You know, the run-of-the mill coldest, flus, bronchitis (bronchitises? LOL). Last year I managed to get a cold and bronchitis in the fall and then in the spring, another cold, maybe a flu (although these symptoms are similar to Lyme symptoms, and then a strange rash that knocked me out of work for a full week.
This summer, the rash that I had late spring came back again at the end of June. It made my left eye swell up and it was also on my left cheek, left jawline and on my chin. And omg, it itched fiercely! This was a few days before the 4th of July. After seeing my doctor here and then a dermatologist, and taking steroids then applying steroid cream to the areas, it finally went away. Both doctors said dermatitis. Thanks for the insight, docs.
Many times, going to the doctor(s) is a bit depressing. Progress moves at a literal snail’s pace, if at that sometimes. And quite often, probably most of the time, we change or tweak the protocol, but we don’t immediately see any results (sometimes, we see no results). But I guess that deterioration of my body also moved very slowly. I really have no idea how long Lyme has been in my system, chipping away at my immune system, neurological system, et.all!
I’ve got another Group Appointment comng up in about 3 weeks and then my doc visit here a few weeks later. I’m keeping my fingers crossed that no other health issues come up between now and then. When I come down with regular illnesses, my body always responds in a weird, awkward and unpredicatable way so everything then is intensified and lasts longer. Like a cold. Most people can move through a cold in 5-7 days. Granted, we all hate having a cold! What misery. But for me a cold can linger on and on and quite possibly become something else, like Bronchitis.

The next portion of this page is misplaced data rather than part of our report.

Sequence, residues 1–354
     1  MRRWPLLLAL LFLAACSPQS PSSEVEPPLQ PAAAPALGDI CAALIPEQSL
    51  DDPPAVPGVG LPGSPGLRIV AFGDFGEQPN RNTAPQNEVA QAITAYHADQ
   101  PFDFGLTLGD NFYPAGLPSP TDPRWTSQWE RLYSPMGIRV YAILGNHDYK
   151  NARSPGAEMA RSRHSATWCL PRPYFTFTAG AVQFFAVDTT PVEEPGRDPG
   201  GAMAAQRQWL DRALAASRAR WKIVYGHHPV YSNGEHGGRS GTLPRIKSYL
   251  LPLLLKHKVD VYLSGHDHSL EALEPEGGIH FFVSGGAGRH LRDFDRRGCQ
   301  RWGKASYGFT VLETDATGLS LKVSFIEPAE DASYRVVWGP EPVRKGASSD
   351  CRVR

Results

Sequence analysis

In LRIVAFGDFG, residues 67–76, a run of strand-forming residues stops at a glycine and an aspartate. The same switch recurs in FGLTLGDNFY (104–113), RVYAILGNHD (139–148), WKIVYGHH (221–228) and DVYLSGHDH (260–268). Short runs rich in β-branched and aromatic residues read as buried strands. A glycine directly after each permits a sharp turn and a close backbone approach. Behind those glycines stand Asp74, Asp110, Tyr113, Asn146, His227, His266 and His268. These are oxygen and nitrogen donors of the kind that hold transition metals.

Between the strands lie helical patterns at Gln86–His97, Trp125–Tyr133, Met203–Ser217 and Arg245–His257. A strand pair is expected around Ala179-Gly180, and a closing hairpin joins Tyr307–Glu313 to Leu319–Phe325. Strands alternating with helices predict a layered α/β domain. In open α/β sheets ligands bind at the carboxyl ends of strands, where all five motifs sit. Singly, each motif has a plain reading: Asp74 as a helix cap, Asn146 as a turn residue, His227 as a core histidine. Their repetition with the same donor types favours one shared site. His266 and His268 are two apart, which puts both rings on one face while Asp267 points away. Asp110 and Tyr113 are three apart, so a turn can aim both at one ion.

But I do not have a regular GP anymore. I’ve tried a few new doctors out for this position, but inevitably, they know absolutely nothing about Lyme and/or brush it off as no big deal. So it just becomes a waste of time, money, and energy to go anywhere other than to my Lyme doctor. Of course, trying to get in to see the doc on the fly is nearly impossible.
It truly is criminal that more doctors are not trained in the area of Lyme disease, especially since it is the fastest growing infectious disease in our nation. I saw an infectious disease doctor before being diagnosed back in 2013. He was one of the steps to go through to rule out other possibilities other than CFS and FMS. He took no blood. He did NO BLOODWORK. A month later, I tested CDC positive for Lyme disease.
Lyme disease is in many, many cases such as mine, not easily diagnosed, not easily treated and acknowledged. If this trend in medicine continues, more and more of us will be contracting Lyme and not being treated promptly nor properly.
Watch out for thos ticks, my friends, Make sure you are using preventatives and doing tick checks every time you come in from outdoors. I certainly do not want you to become a member of the chronic Lyme club.
Hi out there! I wrestled with writing two paragraphs about how work is going and then, bam, they were gone. Since I cant muster anymore energy, it will have to wait. Maybe the disappearing text is reflective of my segue back into work? LOL
More to come on how work is going. Right now my Lyme brain cannot do anymore, so I bid you all a goodnight. Peace, my peeps – B
Can you tell I’m a little MEGA stressed out about returning to work full-time on Monday? Maybe more than a little? Don’t get me wrong; I do love my job. Teaching definitely is my thingy, and I wouldn’t want to give it up for any reason. Yet, there is a big BUT. There always is, isn’t there?